The tobacco sector is probably one of the hardest ones for the head of marketing in any of the companies competing in this market, what with all of the regulation on advertising and marketing, not just in Spain but worldwide, where general advertising is restricted or directly prohibited, and with sales channels often closed to competition (as is the case with tobacconist’s shops in Spain). What’s more, it is one of the sectors that has been evolving the most in terms of products in recent years, with the arrival of new consumption formats such as vapes and Tobacco Heating Products (THPs).
We want to find out first hand from Jorge Fernández Cabezas, International Marketing Director at Tabacalera, how he sees the future of the sector and the trends in marketing and consumption that this market is going to face.
Question from Zedis: How is your company organised? What are your most famous brands? Are you part of a group? What are your roles?
First of all, just to explain where my company sits within the world of tobacco, I want to clarify that we move in a special and different world from the rest of the “tobacco” industry, since we are in the premium cigars segment. In this respect, premium cigars are much more closely associated with other premium or gourmet products, their production is manual, and the whole agricultural process takes on great importance: the seed, the climate, the land… And their consumption is strongly associated with special moments, enjoyment. We could say that it is much closer to wine, for example, than to other products in the sector.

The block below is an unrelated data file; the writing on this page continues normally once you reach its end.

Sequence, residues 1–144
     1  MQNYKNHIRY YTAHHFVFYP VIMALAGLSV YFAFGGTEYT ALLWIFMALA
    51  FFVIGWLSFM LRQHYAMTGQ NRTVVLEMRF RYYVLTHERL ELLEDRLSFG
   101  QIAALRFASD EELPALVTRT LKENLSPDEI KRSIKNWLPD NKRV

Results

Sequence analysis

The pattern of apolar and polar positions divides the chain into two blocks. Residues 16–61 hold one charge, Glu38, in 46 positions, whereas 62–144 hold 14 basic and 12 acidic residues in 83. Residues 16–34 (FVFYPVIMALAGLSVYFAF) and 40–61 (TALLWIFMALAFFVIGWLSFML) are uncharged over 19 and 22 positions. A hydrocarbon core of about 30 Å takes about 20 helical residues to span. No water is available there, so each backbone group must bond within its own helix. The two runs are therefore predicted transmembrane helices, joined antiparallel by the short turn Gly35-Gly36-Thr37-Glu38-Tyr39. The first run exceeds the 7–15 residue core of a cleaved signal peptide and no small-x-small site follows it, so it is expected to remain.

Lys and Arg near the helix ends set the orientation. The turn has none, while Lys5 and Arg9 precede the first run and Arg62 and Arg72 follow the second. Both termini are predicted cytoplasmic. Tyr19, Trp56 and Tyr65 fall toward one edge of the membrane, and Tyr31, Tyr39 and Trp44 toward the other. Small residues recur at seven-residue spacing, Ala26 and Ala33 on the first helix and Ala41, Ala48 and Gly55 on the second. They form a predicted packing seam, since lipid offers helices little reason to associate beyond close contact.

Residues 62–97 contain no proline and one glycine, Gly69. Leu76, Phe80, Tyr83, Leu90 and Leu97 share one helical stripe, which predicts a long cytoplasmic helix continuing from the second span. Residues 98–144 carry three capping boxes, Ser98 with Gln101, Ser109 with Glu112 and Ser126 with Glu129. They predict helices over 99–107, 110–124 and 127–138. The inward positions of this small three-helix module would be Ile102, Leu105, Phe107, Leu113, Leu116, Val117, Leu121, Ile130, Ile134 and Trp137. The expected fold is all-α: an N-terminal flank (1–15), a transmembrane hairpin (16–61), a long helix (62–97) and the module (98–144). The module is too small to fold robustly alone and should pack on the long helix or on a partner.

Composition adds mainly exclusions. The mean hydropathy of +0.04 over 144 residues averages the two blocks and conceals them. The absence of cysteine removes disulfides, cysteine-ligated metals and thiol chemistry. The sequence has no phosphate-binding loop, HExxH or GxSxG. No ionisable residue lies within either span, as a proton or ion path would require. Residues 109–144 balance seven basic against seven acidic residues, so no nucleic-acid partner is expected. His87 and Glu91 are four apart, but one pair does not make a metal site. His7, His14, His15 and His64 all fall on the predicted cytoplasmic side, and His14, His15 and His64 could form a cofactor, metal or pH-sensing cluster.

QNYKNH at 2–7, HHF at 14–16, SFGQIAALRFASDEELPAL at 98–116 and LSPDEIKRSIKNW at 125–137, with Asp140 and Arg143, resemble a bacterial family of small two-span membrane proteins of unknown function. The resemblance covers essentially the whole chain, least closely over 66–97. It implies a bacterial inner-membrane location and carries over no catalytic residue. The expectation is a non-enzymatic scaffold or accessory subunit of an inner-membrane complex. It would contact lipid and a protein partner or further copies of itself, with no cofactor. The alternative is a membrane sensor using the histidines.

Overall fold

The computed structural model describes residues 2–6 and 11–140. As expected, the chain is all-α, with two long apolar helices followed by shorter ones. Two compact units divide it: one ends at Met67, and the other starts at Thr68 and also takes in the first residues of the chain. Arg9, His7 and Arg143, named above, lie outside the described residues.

Tabacalera is the world’s leading corporate group for premium cigars, with a presence in over 150 countries through a strong distribution network. It is the heir to the Spanish tobacco monopoly created in 1636, and since 2020 it has been an independent company separate from its former shareholder, Imperial Brands.
Within Tabacalera we are divided into three business areas. In my case, I am part of the international area, where we manage different brands throughout the world, such as VegaFina, and the Cuban brands in the machine rolled cigar segment (such as Cohiba, Montecristo, Partagás, Romeo y Julieta), as well as all of the Habanos brands in Spain.
Within the marketing department, our main roles are related to the product itself, which is hugely important: strategy and brand image, development of new launches, limited editions, etc. Our job is a constant mix of blending tradition with innovation. And then, also of great importance are communication and events; the marketing of experiences is the core concept within our product.
What products do you work with? What are cigar consumers like?
The product we are working with, the premium cigar, is a very special product, as I was saying before. It is an artisanal product that’s made by hand, and has a great tradition and culture behind it, with many rituals… We are lucky to have the best origin in the sector, Cuba, and the best brands in the world.
With regards to the consumer, in reality we talk about “enthusiasts”, because they really are, Cuban cigars are a passion for them. There is a great pride of belonging, and it creates a special relationship of affinity between them. Smoking a Cuban cigar is a moment of enjoyment, whether on your own or with company. In general, the profile of an enthusiast is someone who likes enjoying life, enjoying the best premium cigars, but also the best wines, spirits, gourmet products, etc. As for the age profile, the average age would be between 40 and 50 years old. However, we are seeing more and more people between 25 and 35 who are getting into this world and who feel attracted to this whole lifestyle.